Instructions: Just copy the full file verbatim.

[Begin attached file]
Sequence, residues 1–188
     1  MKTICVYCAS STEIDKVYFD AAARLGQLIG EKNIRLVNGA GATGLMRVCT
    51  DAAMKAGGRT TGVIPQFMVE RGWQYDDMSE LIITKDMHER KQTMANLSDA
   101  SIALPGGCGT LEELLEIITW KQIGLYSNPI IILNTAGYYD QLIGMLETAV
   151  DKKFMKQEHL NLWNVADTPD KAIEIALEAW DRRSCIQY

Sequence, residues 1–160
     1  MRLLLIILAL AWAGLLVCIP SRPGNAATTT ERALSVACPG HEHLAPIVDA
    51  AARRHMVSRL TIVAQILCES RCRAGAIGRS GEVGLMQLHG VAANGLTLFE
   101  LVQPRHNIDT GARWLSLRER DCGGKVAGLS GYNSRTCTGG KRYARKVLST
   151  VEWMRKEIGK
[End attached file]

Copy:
Sequence, residues 1–188
     1  MKTICVYCAS STEIDKVYFD AAARLGQLIG EKNIRLVNGA GATGLMRVCT
    51  DAAMKAGGRT TGVIPQFMVE RGWQYDDMSE LIITKDMHER KQTMANLSDA
   101  SIALPGGCGT LEELLEIITW KQIGLYSNPI IILNTAGYYD QLIGMLETAV
   151  DKKFMKQEHL NLWNVADTPD KAIEIALEAW DRRSCIQY

Sequence, residues 1–160
     1  MRLLLIILAL AWAGLLVCIP SRPGNAATTT ERALSVACPG HEHLAPIVDA
    51  AARRHMVSRL TIVAQILCES RCRAGAIGRS GEVGLMQLHG VAANGLTLFE
   101  LVQPRHNIDT GARWLSLRER DCGGKVAGLS GYNSRTCTGG KRYARKVLST
   151  VEWMRKEIGK